Growing Pains – A Childhood Myth or a Reality?

Your kid says his knee hurts, or his ankle hurts, or maybe his hip…

But you can’t remember anything happening to him.  He looks fine, you don’t see any cuts or swelling.  Should you take him seriously? 

 Does he really have a knee problem or does he just want to get out of practice?  And if you do take him seriously, where should you take him?  His Pediatrician?  An orthopedist?  His chiropractor?  And what are they going to do about it?

These are all great questions; questions that doctors seem to be debating as well. 

 There is general disagreement around the cause of “growing pains”, as it does not appear to be connected to growth.  There is hesitancy around the diagnosis, and general confusion around best management of this very common childhood condition.

I pondered all of these factors myself when my 10 year old started complaining about ankle pain.  He had not had a massive growth spurt, was not “flat footed”, and he was not hypermobile, all which are risk factors for growing pains.

However, being a doctor, I was able to palpate his heel and figure out where his pain was, and it was right where the big Achilles tendon attaches to the heel bone.  Now in kiddo’s, the heel bone does not fully fuse together until they are around 14.  So, you have a gigantic tendon attached to a growth plate, as you might imagine this could become a problem area in an athletic kid.

So, I did what I do best…started working on him with a combination of soft tissue work, strengthening and chiropractic manipulation to his feet and pelvis.  Plus, I literally covered his heel and calf with rock tape.  Good news…he felt better!  However, literally after his next football practice, his heel was hurting again.  So, I taught him how to foam roll his own calves and quads before and after every practice, and this really helped as long as stayed consistent with it.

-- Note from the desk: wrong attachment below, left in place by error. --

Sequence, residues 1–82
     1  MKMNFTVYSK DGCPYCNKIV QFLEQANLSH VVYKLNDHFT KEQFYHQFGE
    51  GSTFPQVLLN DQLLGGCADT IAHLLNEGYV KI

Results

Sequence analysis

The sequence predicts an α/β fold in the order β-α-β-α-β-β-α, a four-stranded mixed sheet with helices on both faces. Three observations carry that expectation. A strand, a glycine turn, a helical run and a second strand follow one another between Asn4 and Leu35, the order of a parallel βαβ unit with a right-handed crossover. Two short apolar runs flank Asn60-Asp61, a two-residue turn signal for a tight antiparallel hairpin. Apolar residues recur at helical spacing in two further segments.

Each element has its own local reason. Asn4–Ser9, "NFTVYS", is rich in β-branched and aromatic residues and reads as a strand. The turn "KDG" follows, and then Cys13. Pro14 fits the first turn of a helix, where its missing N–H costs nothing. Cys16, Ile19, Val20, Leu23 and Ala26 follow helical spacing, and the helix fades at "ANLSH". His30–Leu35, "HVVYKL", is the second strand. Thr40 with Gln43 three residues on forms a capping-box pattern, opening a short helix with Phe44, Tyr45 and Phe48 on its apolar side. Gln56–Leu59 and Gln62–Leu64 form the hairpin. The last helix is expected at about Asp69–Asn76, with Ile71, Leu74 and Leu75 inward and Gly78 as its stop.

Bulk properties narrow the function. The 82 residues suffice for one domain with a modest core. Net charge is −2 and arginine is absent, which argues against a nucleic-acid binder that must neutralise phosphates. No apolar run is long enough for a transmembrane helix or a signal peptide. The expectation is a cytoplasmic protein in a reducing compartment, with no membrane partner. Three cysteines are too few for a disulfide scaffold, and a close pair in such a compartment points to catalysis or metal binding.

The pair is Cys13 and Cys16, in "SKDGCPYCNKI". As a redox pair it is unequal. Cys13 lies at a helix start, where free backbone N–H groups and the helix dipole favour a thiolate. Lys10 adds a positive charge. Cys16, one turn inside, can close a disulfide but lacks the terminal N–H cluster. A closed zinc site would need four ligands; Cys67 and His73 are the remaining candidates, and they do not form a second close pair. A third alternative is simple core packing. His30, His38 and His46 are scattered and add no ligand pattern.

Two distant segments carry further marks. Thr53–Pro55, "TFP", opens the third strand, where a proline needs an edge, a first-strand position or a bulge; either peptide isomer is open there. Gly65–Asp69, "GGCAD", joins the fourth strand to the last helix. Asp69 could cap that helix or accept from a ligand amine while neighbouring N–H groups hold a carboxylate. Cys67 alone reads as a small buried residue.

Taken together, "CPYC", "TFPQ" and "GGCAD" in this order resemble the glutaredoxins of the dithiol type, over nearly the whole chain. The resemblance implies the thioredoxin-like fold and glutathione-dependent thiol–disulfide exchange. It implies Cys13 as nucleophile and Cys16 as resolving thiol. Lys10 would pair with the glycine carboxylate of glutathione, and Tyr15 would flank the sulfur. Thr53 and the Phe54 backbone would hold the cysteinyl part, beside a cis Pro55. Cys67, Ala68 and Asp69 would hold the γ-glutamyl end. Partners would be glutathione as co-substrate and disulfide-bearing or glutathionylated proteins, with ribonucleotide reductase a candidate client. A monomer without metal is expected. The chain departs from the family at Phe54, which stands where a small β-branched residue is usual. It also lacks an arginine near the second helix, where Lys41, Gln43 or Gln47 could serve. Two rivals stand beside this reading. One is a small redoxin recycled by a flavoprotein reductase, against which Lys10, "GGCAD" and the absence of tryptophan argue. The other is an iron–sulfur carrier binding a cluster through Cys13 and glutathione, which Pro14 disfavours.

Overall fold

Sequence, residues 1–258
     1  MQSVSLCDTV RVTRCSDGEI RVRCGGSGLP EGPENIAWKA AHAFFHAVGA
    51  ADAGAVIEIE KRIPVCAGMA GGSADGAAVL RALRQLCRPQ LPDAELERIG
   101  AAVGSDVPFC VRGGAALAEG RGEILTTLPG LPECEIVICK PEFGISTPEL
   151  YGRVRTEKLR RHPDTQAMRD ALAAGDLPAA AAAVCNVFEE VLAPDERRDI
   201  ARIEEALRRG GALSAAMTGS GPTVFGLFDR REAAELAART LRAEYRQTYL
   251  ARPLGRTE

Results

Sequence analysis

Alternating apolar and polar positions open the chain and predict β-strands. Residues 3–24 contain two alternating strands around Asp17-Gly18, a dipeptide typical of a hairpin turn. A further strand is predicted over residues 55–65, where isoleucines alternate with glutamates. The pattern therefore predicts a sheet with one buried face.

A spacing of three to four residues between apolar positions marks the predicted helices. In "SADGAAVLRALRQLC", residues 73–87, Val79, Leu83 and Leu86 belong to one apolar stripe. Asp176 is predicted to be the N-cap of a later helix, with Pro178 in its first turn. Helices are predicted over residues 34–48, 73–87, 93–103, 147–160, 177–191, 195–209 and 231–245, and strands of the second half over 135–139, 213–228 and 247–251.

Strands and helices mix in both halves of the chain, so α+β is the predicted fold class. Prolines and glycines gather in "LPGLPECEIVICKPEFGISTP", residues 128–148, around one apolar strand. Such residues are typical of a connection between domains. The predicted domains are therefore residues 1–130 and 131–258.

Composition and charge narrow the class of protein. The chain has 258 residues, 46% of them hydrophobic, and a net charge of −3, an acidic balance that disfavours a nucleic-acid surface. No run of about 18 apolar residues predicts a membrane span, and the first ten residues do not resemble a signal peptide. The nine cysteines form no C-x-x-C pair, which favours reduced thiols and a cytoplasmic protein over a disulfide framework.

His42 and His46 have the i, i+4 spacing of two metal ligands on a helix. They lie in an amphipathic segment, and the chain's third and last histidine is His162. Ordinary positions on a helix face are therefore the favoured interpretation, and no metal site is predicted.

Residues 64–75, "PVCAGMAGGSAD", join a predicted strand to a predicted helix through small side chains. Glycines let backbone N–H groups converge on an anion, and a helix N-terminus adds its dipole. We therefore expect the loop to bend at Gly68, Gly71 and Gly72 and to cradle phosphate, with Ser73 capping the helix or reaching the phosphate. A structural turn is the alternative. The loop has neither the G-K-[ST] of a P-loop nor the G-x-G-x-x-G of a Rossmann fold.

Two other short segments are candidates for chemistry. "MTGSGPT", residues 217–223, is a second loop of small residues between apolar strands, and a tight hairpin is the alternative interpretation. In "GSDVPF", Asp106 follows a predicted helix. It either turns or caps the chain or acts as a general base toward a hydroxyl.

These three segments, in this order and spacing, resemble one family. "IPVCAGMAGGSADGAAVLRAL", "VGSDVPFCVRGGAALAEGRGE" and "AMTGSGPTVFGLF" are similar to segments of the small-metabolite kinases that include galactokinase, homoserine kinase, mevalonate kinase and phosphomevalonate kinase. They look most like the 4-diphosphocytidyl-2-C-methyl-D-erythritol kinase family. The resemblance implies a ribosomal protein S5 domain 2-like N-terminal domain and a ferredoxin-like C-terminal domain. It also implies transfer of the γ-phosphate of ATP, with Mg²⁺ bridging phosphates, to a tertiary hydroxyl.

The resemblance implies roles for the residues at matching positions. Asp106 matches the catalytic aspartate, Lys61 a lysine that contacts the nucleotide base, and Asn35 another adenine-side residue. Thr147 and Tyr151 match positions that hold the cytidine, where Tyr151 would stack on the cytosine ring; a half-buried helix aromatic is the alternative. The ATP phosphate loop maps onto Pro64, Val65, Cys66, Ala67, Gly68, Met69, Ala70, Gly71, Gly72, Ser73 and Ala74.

Kids are smart, and they want to run hard without pain.  “Growing Pains’ is definitely a poor name for what they are going through but believe me it is a very real and painful condition for kids.  I am raising two athletic boys and have had the privilege of working on many young athletes, and I see “growing pains” a lot.

Your podiatrist is a great place for a good diagnosis of your child’s issue, but they may not have advice for you besides to wait it out or try different footwear.  These are both excellent points, but your child needs good manual therapy (soft tissue work, chiropractic, corrective exercises) to feel better AND advice on how to care for themselves.

 My kiddo is now almost 14, and guess what, his heel does not hurt anymore.  But I treated him a lot, and he learned to look after his own muscles with a foam roller during the 4 years he had pain.  His football cleats no longer hurt him and does not have to get his leg hair ripped off with tape, he is a happy camper!

The bottom line is get some help for your kiddo, their pain is very real.

 If you or your child is hurting, we’d love to see you in the clinic for treatment, just click HERE to schedule a call

– Dr. Annie

PS I shot a quick video walking through how you or your kiddo can use a foam roller to relieve tight calf muscles:

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